“As far as I’m aware, for a thing to be helicopter money it has to be directly created by the central bank. If labour do their “free money” there’s no indication it won’t be funded by taxes and debt. As much as the cheapness of that debt is linked to a central bank printing money to manage the OCR, it’s not helicopter money.
Helicopter money comes from the suggestion that a central bank can stimulate the economy by creating money and distributing it directly (facetiously, from a helicopter).
At present, they only “loan” the money, or buy stuff with the apparent plan to sell it again.
I think. Could be wrong. The whole scheme is deliberately unclear.”
He was right in that the definition of helicopter money is that Central banks would print and either directly fund government debt to fund infrastructure spending or other means of getting currency directly into people’s pockets. Here was our reply:
“Yes we’d have to admit perhaps we are drawing a long bow to call it helicopter money.
However we more wondered whether it is just an early warning sign. We are still a long way behind the rest of the world with higher interest rates instead of zero or negative like many other nations. But with rates still being cut here we think we are on the same track, just further behind.
Also negative interest rates are spreading quickly and the topic of helicopter money has sprung up and is being discussed widely all of a sudden as well. Whereas a year ago it wasn’t mentioned in the mainstream.
And as per the Casey Research article we posted, the “basic income” idea has suddenly gained a lot of traction:
“European politicians are heavily pushing this policy.
Finland wants to pay its citizens around $1,000 a month.
The Netherlands and the U.K. have also proposed dishing out free money.
In Switzerland, there’s a proposal to hand out around $2,800 a month to everyone. This one is surprising since the Swiss are generally sensible about money.
The basic income virus has also infected Canada, which recently announced a pilot program in Ontario.”
This week we read another article from the Daily Bell which agreed with our thinking on this topic. Here’s an excerpt, but we suggest you read the full article as it ties in the ideas of negative interest rates, cashless society, and universal basic income nicely.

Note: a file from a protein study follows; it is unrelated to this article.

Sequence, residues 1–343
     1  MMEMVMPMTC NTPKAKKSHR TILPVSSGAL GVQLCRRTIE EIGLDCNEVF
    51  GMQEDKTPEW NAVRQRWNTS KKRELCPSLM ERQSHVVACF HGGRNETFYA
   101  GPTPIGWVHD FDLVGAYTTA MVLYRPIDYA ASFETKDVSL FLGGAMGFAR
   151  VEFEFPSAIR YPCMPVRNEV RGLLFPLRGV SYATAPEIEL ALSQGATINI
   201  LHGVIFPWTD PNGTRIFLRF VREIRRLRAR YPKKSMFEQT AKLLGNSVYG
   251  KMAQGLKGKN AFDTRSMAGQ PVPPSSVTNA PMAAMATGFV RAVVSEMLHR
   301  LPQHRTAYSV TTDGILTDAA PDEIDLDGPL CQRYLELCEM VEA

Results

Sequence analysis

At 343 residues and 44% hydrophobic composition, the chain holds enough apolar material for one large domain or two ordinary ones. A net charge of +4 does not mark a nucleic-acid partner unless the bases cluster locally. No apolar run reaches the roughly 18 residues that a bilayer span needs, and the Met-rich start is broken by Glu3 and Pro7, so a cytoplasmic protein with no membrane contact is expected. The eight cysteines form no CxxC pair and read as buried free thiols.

“When the mainstream media trumpets something all at once, we have learned from experience that it signals something of significance.
Central bankers are changing the institution dramatically and offering consumers a good deal more “benefit” from the central banking mechanism itself.
This means a push for “basic income.” That means – quite literally – giving away money to whole populations.
That’s what central bankers are setting up to do via “helicopter money” and the issuance of “electronic” money.
Once the process is in place, governments can pass the enabling legislation. Of course, no one is admitting it right now. The reason for helicopter money and electronic money is to stabilize the monetary system.
But that’s not really true. This is “directed history” at work.
From the article:
Faced with political intransigence, central bankers are openly talking about the previously unthinkable: “helicopter money”.
A catch-all term, helicopter drops describe the process by which central banks can create money to transfer to the public or private sector to stimulate economic activity and spending.
Long considered one of the last policymaking taboos, debate around the merits of helicopter money has gained traction in recent weeks.
The article goes on to remind us that top ECB banker Mario Draghi just this past week “refused to rule out the prospect” of helicopter money.
Is all of this a coincidence? As we just reported HERE, central banks have embarked on a campaign of further monetary control.